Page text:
You work hard to get everything right, the food, the atmosphere, the service, the kitchen and back of the house staff, and once a guest comes through the door, you have the power to make sure they have the best possible experience. Then they go home.  A place you can’t control the experience – and you don’t know what they’ll tell their family, friends, co-workers, and anyone who will listen, about their experience. What if you could control it? What if you could extend the dining experience beyond the walls of your restaurant? With social media tools, you can.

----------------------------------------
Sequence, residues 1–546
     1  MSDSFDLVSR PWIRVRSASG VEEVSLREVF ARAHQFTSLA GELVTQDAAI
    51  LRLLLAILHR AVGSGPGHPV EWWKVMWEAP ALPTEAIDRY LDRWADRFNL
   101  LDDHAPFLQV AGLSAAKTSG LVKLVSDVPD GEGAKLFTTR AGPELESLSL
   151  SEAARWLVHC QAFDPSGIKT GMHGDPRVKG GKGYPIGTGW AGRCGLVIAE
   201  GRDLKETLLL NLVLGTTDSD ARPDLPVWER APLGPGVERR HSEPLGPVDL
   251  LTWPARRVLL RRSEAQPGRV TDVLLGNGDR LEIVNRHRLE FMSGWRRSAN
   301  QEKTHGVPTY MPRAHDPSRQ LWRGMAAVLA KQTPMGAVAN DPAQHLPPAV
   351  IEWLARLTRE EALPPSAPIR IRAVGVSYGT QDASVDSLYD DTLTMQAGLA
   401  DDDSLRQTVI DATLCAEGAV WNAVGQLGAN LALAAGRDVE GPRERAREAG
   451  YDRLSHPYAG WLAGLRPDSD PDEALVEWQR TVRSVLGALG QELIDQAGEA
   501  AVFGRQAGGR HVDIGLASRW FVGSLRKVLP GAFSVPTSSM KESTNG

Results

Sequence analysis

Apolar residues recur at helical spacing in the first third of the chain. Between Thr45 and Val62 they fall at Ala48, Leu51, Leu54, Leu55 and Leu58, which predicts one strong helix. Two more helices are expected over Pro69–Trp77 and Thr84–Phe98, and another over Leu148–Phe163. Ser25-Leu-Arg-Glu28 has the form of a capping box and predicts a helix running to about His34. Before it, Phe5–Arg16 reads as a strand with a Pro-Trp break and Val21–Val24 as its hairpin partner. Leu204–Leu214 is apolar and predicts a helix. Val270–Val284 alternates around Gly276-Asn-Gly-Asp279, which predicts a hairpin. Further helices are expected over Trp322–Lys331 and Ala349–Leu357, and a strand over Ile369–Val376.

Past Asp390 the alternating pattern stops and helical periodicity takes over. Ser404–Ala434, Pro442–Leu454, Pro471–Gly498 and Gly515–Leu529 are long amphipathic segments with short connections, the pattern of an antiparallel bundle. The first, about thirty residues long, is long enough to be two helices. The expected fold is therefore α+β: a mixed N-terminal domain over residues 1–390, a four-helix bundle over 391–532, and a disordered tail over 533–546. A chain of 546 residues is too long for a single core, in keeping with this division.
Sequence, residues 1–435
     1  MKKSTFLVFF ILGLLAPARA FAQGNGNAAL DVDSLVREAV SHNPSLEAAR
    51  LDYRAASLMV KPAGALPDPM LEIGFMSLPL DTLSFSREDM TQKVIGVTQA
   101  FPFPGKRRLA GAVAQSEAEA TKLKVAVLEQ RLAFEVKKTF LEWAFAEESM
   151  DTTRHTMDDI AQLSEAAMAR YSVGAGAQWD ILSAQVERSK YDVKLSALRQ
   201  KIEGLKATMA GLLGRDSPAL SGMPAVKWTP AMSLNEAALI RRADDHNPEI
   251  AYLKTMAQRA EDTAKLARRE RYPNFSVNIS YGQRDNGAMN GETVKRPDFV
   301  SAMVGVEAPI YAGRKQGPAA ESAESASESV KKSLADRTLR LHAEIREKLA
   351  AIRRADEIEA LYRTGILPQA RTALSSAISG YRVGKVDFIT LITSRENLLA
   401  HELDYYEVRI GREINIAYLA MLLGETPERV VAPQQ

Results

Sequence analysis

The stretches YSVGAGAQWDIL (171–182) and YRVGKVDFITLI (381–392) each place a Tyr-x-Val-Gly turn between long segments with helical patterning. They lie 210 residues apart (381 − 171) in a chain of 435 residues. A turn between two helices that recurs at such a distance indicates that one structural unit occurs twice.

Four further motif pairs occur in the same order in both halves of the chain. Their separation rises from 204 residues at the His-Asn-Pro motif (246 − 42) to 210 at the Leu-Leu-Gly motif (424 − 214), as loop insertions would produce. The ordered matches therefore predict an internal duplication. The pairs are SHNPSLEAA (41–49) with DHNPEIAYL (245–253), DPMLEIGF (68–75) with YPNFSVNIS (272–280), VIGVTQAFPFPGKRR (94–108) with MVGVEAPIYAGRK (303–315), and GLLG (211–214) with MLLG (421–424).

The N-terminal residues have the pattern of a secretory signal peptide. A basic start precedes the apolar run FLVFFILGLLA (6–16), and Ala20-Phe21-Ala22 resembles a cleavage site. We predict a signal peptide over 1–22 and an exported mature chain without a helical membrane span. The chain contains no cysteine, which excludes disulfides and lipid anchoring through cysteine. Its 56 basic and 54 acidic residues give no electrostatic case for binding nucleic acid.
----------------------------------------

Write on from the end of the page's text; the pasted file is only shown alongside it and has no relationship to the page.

You’ve heard the buzzwords: Twitter, Facebook, MySpace, Linkedin, and YouTube.  These tools allow you to enhance and carry the dining experience beyond your front door. They allow your customers to take the physical connections and loyalty virtual to experience it online as well. With customers increasing their online activity, the online experience that guests have with you can make or break you.

 

You put thought, consideration and passion into every physical aspect of your guests’ interaction with you, but how is their experience with your website?  Does it convey your brand, atmosphere, and message? Is it easy to navigate? Are your menus and specials quickly found? Is your contact information, location, hours of operation and amenities crystal clear? These are just the bare minimum standards now needed to entice someone to interact with your online brand.